As you travel, especially if you are interested in seeing wild animals or spending some time around other natural forces and phenomena, there are certain sounds which only nature makes – and some of these sounds will stay with you for ever. Just like seeing an old photo which you took on safari, tasting food you enjoyed at a street market in Asia or smelling the distinct aroma of an exotic fruit (in particular I’m thinking of durian fruit as I write this) – sounds can evoke great emotion or trigger incredible memories… especially when it is a sound you perhaps just heard in the distance and never go to see the culprit – it is amazing how far some natural sounds will travel!
Here I have listed 5 sounds which I have experienced, and which will stay with me as a fond reminder of that trip for ever! Whilst it wasn’t always possible, where I have been able to I have included recordings of those sounds taken on these trips. Please feel free to leave a comment to let me know which natural sounds you have experienced will stay with you, and which I should really try to experience myself.
The Song of the Gibbon, Vietnam
This is by a long long way my favourite sound (natural or otherwise) in the world, and living right next door to Wingham Wildlife Park who house this exact same species I am lucky enough to hear it on most mornings (especially when i is foggy), however here is nothing as amazing as hearing this first thing in the morning, in the humid Vietnamese rain forest!
We got up very early in the morning while staying in Cat Tien National Park and were taken to the main park office to meet our morning gibbon walk guide. We only trekked for about 20 minutes or so before we got to the giant banyan tree, at which point we had some (delicious) breakfast while we waited for the gibbons to wake up. Just after dawn we heard the sound of gibbons calling and our guide rushed us to their position.
We were so glad to actually see a bonded pair of White Cheeked Gibbons in the wild, as this isn’t guaranteed with this tour… but all of the conditions were in our favor. However we couldn’t believe our eyes when it turned out that they had a little baby with them too, which must have been no more than 9 months or so old. After watching them silently for about what felt like 5 minutes (but to be honest I didn’t check the time and we could have been there for 2 hours considering how many photos I took) they started to sing – first one, and then in unison.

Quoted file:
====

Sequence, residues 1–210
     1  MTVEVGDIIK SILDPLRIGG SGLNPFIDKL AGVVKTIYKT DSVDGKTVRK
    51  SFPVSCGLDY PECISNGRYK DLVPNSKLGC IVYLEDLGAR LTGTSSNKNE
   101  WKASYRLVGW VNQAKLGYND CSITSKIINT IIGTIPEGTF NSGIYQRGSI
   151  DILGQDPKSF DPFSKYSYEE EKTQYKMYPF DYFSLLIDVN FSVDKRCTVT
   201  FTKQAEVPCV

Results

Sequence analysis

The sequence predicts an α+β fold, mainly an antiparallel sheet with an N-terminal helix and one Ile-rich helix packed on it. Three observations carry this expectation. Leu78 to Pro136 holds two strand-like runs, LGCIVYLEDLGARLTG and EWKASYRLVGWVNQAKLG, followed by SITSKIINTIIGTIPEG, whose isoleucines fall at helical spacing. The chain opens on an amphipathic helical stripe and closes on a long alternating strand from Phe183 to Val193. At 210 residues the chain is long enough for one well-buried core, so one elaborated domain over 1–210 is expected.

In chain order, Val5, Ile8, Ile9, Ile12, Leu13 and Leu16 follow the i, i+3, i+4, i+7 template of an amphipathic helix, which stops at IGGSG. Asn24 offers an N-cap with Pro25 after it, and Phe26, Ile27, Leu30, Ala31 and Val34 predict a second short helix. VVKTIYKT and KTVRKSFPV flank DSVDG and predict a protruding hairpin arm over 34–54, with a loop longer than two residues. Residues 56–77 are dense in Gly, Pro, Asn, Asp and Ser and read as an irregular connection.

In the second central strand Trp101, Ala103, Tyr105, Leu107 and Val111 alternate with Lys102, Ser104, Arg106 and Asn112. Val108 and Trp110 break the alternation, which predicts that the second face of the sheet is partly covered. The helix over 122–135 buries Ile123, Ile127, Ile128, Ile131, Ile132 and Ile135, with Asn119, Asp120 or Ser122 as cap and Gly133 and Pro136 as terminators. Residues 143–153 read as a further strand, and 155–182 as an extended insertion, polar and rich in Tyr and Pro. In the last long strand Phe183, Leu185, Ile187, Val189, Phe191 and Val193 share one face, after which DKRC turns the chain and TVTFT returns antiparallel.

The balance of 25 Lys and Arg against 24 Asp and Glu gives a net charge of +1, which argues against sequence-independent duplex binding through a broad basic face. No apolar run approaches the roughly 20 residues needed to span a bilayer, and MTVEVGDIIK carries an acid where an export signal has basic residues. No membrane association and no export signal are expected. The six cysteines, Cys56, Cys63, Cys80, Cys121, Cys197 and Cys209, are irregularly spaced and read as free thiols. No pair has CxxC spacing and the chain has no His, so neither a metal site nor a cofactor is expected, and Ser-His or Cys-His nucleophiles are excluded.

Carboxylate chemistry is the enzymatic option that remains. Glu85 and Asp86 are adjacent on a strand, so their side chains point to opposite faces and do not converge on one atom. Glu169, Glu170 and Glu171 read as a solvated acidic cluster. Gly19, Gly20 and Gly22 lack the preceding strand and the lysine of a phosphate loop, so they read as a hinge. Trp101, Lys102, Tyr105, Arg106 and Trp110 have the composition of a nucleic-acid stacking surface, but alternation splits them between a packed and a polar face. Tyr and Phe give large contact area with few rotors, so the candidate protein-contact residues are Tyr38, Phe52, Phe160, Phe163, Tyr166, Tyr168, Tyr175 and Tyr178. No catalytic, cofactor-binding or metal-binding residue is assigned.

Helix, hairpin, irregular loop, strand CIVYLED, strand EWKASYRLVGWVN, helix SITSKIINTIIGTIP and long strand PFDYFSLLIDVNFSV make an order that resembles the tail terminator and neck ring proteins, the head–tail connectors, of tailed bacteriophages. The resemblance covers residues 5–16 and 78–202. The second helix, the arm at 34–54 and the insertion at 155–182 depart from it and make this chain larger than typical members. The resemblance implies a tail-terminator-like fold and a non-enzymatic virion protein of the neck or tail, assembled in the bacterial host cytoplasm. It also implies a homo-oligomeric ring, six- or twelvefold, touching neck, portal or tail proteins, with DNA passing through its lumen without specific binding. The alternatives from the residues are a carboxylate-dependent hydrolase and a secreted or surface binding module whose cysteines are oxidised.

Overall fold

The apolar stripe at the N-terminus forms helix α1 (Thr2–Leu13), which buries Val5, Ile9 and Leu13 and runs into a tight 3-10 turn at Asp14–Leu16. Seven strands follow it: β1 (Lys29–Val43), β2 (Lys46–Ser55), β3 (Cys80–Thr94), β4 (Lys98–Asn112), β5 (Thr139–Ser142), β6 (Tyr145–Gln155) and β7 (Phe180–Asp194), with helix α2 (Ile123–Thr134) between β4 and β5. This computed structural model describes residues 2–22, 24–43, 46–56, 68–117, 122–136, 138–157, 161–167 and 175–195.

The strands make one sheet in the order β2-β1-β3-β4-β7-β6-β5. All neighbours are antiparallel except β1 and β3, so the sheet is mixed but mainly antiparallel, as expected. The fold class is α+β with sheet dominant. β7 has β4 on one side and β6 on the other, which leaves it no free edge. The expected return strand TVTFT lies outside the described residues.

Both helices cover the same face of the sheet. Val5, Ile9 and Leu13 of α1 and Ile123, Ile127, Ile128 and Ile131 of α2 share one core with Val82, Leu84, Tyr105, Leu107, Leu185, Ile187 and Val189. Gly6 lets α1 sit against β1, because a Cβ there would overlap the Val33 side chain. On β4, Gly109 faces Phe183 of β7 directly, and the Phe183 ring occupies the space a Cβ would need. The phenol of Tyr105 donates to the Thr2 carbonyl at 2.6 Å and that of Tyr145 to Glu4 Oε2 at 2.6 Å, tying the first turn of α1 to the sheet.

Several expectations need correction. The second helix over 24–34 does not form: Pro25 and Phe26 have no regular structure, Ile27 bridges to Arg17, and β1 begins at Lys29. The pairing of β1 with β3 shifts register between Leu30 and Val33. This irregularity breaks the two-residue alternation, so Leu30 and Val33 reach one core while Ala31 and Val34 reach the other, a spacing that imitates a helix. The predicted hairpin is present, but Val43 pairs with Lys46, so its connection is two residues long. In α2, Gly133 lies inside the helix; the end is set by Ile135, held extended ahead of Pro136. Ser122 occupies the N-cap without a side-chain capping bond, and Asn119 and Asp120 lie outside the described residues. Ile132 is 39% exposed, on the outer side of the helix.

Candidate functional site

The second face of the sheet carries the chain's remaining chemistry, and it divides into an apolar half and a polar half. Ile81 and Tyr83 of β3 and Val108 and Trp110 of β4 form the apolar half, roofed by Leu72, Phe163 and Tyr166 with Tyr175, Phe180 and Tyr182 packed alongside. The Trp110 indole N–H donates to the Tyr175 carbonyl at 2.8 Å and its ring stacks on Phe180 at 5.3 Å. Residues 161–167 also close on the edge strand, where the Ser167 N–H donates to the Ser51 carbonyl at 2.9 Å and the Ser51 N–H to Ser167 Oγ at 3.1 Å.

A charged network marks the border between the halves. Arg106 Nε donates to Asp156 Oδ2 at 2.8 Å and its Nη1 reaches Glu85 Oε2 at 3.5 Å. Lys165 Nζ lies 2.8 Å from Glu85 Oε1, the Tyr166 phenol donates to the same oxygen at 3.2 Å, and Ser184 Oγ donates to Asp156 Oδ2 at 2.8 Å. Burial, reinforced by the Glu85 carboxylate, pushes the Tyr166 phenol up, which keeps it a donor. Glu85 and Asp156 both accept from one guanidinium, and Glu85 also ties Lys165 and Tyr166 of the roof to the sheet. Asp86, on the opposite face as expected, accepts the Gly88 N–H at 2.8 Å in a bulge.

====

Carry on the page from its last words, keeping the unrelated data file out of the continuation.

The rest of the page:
Sadly the photos came out rubbish as I had the wrong lens with me on this trip and the lighting was terrible, but I do have that absolutely magical sound not only in my mind, but recorded!
The Racket of the Rainforest, Borneo
Out of all the rain forests I have been to so far (in Costa Rica, Borneo, Vietnam & Australia) it is the Baku National Park which has so far had the loudest inhabitants – especially for some reason at about 2:00 pm – our guide said you can always tell when it is 2:00 pm because a special species of cicada always starts to chirp at that time… It might have been a fluke but just as it started it was in fact 2:00 pm!
A lot of people complain that in the rain forest they can’t sleep, but personally I love the noise and find it relaxing – it really drives home the fact that you are at that point absolutely surrounded by nature! It also helps that for many years (before I started to travel) I kept a lot of reptiles which were in my bedroom, and the majority of these fed on crickets. This was also my first rain forest experience so there are a lot of other memories of the temperature, humidity and amazing wildlife which accompany this sound for me!
The Call of the Howler Monkey, Costa Rica
When we heard these guys at our lodge in Tortuguero, Costa Rica and it was very early in the morning… as well as being just 10 meters or so away from our room! It is a really deep grumble and can be heard from really far away it’s no wonder they call them their wake up call at that lodge!
In a recording it might not sound like a particularly nice noise, and to be honest not hugely different from the grunt of a pig, however for the size of this monkey it really is an incredible sound.
The Falls of Gulfoss, Iceland
There is so much to see in Iceland and much of it revolves around water (be it from rivers, waterfalls or volcanic activity), with one of the most spectacular being the massive Gullfoss waterfalls where 140 cubic meters of water (although in the winter when we were there it is more like 80 cubic meters) per second cascade over the edge.
The audio file doesn’t really do the real thing justice, and as you walk down towards the lower viewing area you have to really speak up around your travelling partner to ensure that you can hear each other. Whilst this isn’t necessarily my fondest Iceland memory, or even my favourite waterfall for that matter, the sheer crashing noise it emits really sums up the raw power ad beauty of Iceland.
The Laugh of the Kookaburra, Australia
The kookaburra is a type of kingfisher bird from Australia and the sound it makes is not only unmistakable but also in my opinion one of the best bird songs there is… It might not be as beautiful as some of the smaller song birds, but to me, it’s just a sound that makes you feel good!
We heard a few kookaburras whilst in Australia (having seen our first wild one sitting on top of a sign in Taronga Zoo, Sydney, of all places! However it wasn’t until we went to the great ocean road near Melbourne to look for koalas where we first heard our first wild Kookaburra.
Sounds of Nature Not Yet Heard
There are a few sounds of nature which I am yet to experience, and can’t wait for the day that I do. These include (but I am sure that this list will increase with time, even as I get round to hearing them, rather than decreasing):
- The chest beat of a wild gorilla
- The pant hoot of a wild chimpanzee
- The rumble of a volcanic eruption
- A whale singing
- The warning of a wild rattle snake